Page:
The Less You Know, the Better You Sleep: Russia’s Road to Terror and Dictatorship Under Yeltsin and Putin
Biographies of political leaders typically offer a seminal moment, preferably early in their subjects’ lives, that crystallizes a character trait or provides a pivotal lesson for the life that follows. In the case of Yuri Andropov, longtime head of the KGB (1967–1982), briefly leader of the Soviet Union (1982–1984), and, most fatefully, patron of the young Mikhail Gorbachev, that moment came in the fall of 1956. From his window in the Soviet embassy in Budapest, Andropov watched in horror as, in the space of a single week in October, a student demonstration swelled into a popular uprising that toppled the Communist government and threatened to remove the Hungarian People’s Republic from the Warsaw Pact and thus from the outer tier of the Soviet Empire.
Through that same window, he could see the bodies of officers of the Hungarian secret police swaying from streetlights. Despite the successful crushing of the uprising by Soviet troops, in the course of which thousands of Hungarian civilians and hundreds of Soviet soldiers were killed, the events in Budapest marked the birth of Andropov’s—and the KGB’s—“Hungarian complex,” the mortal fear of small, unofficial groups sparking movements to overthrow Communist rule with direct (in the Hungarian case) or indirect encouragement by the West.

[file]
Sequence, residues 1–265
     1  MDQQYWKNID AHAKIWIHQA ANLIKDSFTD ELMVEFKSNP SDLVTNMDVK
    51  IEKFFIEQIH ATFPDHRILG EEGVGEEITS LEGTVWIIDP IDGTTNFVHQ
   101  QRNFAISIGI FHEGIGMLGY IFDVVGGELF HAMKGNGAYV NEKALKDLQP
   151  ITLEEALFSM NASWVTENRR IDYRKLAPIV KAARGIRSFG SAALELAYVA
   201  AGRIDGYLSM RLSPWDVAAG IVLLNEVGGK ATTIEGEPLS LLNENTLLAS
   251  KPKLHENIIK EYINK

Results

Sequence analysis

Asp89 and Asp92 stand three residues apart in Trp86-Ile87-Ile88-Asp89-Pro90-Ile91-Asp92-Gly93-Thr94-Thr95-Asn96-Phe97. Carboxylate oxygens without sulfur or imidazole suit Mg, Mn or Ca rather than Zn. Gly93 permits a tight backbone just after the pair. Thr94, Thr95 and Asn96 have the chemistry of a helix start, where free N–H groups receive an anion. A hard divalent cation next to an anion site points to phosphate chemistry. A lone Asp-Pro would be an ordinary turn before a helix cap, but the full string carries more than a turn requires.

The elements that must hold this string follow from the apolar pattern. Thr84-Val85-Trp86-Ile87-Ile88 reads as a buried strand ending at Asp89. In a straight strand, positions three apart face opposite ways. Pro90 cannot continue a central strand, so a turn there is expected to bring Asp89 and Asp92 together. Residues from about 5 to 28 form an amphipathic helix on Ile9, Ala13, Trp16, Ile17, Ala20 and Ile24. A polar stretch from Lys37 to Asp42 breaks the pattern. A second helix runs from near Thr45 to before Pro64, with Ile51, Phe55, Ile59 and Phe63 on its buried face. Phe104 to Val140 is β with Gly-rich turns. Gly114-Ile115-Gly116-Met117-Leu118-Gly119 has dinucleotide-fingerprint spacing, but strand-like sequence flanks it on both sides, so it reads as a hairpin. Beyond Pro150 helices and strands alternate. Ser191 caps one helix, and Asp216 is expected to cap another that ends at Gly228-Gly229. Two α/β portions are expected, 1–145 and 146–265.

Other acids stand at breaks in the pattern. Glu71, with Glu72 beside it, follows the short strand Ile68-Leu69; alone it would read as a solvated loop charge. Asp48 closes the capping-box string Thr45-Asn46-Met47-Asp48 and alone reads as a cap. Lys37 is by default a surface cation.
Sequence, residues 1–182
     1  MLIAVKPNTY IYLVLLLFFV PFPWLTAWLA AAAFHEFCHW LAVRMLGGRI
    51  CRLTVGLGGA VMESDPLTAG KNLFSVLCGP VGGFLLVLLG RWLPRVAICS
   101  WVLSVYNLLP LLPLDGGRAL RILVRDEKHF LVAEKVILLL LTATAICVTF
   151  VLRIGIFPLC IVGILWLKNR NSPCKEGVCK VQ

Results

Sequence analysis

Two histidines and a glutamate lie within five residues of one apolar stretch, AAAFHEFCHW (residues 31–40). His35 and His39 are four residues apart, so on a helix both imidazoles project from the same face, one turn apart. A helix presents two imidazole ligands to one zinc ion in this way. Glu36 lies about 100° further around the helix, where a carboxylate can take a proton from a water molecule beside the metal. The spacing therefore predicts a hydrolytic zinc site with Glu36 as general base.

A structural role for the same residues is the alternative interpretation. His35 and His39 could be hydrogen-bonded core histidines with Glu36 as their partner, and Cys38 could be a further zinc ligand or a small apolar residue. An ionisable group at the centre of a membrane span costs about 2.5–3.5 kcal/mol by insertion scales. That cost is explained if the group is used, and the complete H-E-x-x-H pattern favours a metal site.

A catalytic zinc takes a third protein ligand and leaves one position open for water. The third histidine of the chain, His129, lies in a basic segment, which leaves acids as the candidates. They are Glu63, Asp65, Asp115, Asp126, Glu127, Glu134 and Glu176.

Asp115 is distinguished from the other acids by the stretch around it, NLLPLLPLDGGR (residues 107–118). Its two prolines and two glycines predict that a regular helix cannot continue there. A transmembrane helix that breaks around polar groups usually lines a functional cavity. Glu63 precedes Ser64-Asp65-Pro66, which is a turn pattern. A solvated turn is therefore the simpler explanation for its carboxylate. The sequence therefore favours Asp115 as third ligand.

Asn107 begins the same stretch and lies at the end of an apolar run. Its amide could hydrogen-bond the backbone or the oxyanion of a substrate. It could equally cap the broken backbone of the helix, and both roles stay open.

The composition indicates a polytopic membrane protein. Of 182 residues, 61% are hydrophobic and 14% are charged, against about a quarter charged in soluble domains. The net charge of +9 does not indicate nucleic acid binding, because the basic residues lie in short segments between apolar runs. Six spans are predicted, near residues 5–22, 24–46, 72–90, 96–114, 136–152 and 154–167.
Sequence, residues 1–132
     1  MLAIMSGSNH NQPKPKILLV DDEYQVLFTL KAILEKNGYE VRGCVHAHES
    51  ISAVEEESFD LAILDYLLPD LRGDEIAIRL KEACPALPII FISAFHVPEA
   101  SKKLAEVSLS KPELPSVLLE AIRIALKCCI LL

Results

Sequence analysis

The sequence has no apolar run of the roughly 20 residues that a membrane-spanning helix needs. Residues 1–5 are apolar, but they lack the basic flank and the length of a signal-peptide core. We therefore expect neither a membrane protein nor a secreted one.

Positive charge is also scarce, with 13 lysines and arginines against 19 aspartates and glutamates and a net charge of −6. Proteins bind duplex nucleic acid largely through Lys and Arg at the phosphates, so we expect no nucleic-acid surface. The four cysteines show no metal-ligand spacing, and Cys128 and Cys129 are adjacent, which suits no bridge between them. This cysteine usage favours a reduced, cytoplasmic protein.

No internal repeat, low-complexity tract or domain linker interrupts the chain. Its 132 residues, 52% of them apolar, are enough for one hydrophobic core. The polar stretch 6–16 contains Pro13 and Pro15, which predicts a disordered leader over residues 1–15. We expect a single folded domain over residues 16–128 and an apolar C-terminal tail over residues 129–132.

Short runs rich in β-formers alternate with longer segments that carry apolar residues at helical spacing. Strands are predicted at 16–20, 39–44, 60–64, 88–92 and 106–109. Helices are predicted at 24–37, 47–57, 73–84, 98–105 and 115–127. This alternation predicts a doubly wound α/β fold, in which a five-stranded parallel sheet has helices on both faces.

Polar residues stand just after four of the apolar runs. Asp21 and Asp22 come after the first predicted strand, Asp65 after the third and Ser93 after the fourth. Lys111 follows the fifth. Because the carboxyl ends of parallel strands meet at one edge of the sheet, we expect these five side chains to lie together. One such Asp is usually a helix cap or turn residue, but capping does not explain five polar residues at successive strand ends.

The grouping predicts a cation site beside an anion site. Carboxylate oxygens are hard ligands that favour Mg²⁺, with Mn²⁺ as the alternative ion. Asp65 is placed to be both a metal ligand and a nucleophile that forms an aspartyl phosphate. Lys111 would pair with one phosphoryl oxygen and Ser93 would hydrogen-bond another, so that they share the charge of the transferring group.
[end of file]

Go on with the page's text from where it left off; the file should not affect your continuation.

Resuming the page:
A generation later, in another Soviet outpost on the western edge of Moscow’s empire, a similar drama unfolded. This time the city was Dresden, the year was 1989, and the outpost was the KGB’s mansion on Angelikastrasse, directly across from the local headquarters of the Stasi, the KGB’s East German counterpart. A crowd of several thousand protesters had successfully breached the Stasi’s gates, gleefully ransacking the building while grim-faced intelligence officers stood by and watched. Also watching, from a window across the street, was thirty-seven-year-old Lieutenant Colonel Vladimir Putin, who was temporarily in charge of the mansion, its voluminous intelligence records, and its staff of four. Shortly after dusk, a small crowd peeled away from the Stasi building with the intent of pulling off a similar victory against the KGB.
According to the New York Times reporter Steven Lee Myers’s gripping account of this oft-told story in The New Tsar, Putin placed an urgent call to the local Soviet military command, requesting reinforcements to protect the mansion, only to be told that nothing could be done without orders from Moscow and that “Moscow is silent.” With his career and a treasure trove of highly classified documents on the line, Putin decided to take matters into his own hands. Approaching the mansion’s outer gates alone and unarmed, he announced in German to the crowd assembled there, “This house is strictly guarded. My soldiers have weapons. And I gave them orders: if anyone enters the compound, they are to open fire.” It worked, at least in one sense: the crowd returned to the Stasi building, leaving the mansion and its contents untouched. But if Putin won the battle, the…
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